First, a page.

(Photo by: Alan Schaefer/Icon Sportswire)
Utilize our Ranking Hub for QB List’s 2018 Positional Rankings for all of your preseason positional needs.
Below is our Top-30 PPR Tight Ends.
1. Travis Kelce (Kansas City Chiefs) – Consistency wins fantasy football. Travis Kelce has played in every game since 2014 (except the final game in 2017 where he sat prior to the playoffs). Rob Gronkowski may be the better tight end and have a better quarterback – but Kelce has the lower risk for bottoming out. Kelce is a workhorse who should finish as a top-2 tight end again this season.
2. Rob Gronkowski (New England Patriots) – Rob Gronkowski is the gold standard of tight ends when he is healthy – having played a full season twice (including a year where he sat the last week for the playoffs) in his eight-year career. Gronkowski will score similar (if not more) points week-to-week to Travis Kelce, but there will be weeks where a Gronkowski owner will need to stream a replacement, making him a liability.
3. Zach Ertz (Philadelphia Eagles) – Zach Ertz is a tier apart from the above two, but is closer to Tier 1 status than he is Tier 2. Ertz broke out in a big way in 2017 by doing exactly the same thing he did for two years prior – but with more touchdowns, he should continue producing under Caron Wentz. Ertz was a red zone machine under Wentz and could eclipse the 110 targets (2nd on the team) he saw last season. If the touchdowns hold up, so will this ranking.
4. Delanie Walker (Tennessee Titans) – Like Travis Kelce, Delanie Walker has been phenomenally consistent since 2014 – but has operated with lower production output. Walker is good for 100+ targets, 5-ish touchdowns, and 75ish receptions. Walker lead Tennessee in targets in 2017 and should again this season, even with Corey Davis taking up a larger share now that he is healthy.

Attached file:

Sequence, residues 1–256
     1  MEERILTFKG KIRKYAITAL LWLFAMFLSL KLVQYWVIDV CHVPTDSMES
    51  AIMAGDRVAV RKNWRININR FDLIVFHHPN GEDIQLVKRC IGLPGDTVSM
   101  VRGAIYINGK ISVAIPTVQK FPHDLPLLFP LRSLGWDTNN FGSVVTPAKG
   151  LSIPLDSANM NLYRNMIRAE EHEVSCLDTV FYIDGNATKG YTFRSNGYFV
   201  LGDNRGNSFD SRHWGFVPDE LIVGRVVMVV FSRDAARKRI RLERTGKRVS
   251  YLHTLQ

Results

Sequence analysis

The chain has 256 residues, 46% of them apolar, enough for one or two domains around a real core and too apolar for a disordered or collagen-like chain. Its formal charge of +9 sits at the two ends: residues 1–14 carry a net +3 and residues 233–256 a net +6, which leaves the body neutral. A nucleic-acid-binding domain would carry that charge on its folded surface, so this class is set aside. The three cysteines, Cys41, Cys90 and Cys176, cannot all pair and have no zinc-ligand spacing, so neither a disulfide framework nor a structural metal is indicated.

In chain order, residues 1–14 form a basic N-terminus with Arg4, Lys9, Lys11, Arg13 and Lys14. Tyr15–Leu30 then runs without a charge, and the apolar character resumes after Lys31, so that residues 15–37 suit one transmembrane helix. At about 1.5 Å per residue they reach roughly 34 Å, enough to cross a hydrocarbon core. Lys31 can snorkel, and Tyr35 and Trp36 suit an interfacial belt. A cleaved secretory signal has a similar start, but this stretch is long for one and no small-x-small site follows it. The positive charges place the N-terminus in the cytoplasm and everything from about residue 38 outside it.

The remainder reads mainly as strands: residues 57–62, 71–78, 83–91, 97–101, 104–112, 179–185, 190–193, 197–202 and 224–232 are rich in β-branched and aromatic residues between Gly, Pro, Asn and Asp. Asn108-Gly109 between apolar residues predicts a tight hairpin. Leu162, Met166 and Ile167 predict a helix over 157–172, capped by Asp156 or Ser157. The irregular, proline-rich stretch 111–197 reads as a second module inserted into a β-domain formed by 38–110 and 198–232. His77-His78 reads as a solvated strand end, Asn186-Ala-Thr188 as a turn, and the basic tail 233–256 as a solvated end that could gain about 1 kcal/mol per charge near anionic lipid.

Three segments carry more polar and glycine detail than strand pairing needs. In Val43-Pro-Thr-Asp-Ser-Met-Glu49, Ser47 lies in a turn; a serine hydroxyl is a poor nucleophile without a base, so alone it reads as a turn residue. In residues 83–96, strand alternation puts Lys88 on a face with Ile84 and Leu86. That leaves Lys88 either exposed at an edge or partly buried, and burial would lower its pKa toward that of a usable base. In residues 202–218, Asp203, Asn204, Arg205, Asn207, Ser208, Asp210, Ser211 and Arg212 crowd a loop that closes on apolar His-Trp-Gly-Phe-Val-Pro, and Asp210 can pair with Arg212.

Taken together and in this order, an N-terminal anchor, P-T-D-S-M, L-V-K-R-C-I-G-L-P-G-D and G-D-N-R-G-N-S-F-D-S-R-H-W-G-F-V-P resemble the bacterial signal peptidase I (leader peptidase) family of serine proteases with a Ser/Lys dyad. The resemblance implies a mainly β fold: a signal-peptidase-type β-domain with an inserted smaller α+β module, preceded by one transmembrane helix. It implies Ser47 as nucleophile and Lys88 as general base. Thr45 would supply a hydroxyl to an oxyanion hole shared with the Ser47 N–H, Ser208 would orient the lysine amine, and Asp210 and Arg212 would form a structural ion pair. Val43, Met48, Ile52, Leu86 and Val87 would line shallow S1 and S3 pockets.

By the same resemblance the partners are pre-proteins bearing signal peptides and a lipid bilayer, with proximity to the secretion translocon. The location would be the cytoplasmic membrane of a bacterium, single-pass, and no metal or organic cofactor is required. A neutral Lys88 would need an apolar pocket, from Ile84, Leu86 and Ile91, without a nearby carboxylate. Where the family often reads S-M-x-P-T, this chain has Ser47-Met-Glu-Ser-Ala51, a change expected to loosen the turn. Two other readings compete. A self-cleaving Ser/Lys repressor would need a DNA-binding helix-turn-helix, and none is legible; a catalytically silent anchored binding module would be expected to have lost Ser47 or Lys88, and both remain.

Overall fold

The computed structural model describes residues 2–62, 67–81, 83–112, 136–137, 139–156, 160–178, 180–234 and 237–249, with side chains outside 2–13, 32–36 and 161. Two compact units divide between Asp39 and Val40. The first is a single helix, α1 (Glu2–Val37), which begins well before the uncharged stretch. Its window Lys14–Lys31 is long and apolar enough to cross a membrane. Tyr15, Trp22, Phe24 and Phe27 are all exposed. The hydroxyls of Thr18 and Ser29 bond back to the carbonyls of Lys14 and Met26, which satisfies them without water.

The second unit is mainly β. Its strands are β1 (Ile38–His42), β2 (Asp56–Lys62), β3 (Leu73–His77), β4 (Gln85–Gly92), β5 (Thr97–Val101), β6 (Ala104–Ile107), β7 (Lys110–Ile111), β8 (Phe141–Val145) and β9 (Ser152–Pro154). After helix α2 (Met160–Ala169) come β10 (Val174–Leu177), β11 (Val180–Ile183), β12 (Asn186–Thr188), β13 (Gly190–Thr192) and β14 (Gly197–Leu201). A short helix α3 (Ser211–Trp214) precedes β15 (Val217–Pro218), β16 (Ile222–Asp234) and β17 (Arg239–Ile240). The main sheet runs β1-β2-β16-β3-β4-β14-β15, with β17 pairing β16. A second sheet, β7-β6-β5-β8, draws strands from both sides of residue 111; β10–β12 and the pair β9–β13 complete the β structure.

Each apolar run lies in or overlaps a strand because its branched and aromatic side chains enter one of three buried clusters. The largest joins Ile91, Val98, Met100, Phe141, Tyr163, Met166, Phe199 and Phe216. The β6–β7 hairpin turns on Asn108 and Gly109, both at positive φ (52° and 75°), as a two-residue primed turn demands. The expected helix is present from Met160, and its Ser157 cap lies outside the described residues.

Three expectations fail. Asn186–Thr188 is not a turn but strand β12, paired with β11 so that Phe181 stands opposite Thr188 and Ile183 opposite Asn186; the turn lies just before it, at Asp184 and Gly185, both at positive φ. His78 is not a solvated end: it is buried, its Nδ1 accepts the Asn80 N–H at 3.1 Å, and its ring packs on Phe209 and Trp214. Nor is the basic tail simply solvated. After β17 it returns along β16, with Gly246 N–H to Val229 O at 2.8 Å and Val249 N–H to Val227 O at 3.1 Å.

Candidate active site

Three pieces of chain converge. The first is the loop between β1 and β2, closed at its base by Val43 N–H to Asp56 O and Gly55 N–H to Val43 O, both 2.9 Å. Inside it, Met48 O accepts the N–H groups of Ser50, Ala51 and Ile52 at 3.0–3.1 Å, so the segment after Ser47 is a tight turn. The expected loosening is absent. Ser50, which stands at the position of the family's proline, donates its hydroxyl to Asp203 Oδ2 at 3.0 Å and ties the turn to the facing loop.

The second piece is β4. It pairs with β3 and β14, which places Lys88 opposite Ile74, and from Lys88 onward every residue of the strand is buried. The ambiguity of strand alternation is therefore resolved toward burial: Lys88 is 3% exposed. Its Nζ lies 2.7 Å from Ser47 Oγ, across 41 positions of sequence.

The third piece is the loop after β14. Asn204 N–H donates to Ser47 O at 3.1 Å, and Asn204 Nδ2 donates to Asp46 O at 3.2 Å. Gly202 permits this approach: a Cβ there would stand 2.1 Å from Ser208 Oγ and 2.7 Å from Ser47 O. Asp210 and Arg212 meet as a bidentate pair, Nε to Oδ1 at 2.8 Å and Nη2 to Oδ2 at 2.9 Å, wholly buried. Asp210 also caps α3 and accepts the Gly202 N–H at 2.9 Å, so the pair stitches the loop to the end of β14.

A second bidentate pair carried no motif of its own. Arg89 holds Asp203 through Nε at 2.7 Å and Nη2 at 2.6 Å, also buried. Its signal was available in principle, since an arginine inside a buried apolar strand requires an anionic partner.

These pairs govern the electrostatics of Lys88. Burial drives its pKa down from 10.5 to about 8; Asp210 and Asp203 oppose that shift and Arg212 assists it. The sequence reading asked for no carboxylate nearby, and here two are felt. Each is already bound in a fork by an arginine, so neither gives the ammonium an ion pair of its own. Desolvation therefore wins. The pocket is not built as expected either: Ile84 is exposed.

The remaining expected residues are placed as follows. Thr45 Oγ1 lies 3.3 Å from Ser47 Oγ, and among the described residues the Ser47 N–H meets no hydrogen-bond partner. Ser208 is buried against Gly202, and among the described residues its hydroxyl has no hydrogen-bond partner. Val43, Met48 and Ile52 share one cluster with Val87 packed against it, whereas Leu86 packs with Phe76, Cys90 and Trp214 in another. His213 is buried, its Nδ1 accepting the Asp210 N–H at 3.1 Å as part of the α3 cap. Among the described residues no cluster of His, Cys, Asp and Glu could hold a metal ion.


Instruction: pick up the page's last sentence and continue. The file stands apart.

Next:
5. Greg Olsen (Carolina Panthers) – For the first time since 2007, Greg Olsen missed a game — well, he missed nine. Olsen has seen 120+ targets in his three seasons prior and without a clear WR1 on the team should again provide a stable outlet for Cam Newton. As far as PPR machines go, Olsen is a safe bet in the middle rounds.
6. Jimmy Graham (Green Bay Packers) – For the third time in his career, Jimmy Graham will be playing under a superstar quarterback. Graham may have a tough time matching is 2017 touchdown production (10), but he should be in store for another productive year with more yards than 2017 (520).
7. Kyle Rudolph (Minnesota Vikings) – Despite seeing 50 targets fewer in 2017, Kyle Rudolph managed to put up another top-10 tight end season, catching 57 on 81 targets with eight touchdowns. Rudolph has grown into a consistent red zone threat and under Kirk Cousins could see a return to his 2016 numbers. Even if Rudolph repeats 2017 – he has TE1 caliber potential.
8. Jack Doyle (Indianapolis Colts) – Yes, Jack Doyle‘s value took a hit when Eric Ebron signed with Indianapolis. Ebron’s role is still unknown and the Colts are ramping up to do more three-tight end sets this season. With Andrew Luck returning, the team will have more offensive potential and Doyle should reap the benefits as his 2017 came sans Luck. Doyle finished 2017 with the 5th most targets for a tight end (108) and should receive comparable targets in 2018, maintaining his fringe top-10 tight end value.
9. Jordan Reed (Washington Redskins) – Jordan Reed would be ranked higher if he could stay on the field (he has never finished a full NFL season). When on the field, Reed is poised for close to 100 targets and 6-8 touchdowns – so when playing he is worth the play. Still, shuffling tight ends week to week as he is often listed as “questionable” makes for a headache at the position. Buy low, expect low, and enjoy when he performs.
10. Evan Engram (New York Giants) – I am bearish with Evan Engram this season with the return of Odell Beckham Jr. and Sterling Shepard. Engram’s 2017 value was a direct result of being the only competent receiver and 115 targets (2nd of any tight end). Those targets will inevitably fall this season with Eli Manning using his go-to targets and Engram’s average 55% completion rate points to a steep drop in value this season.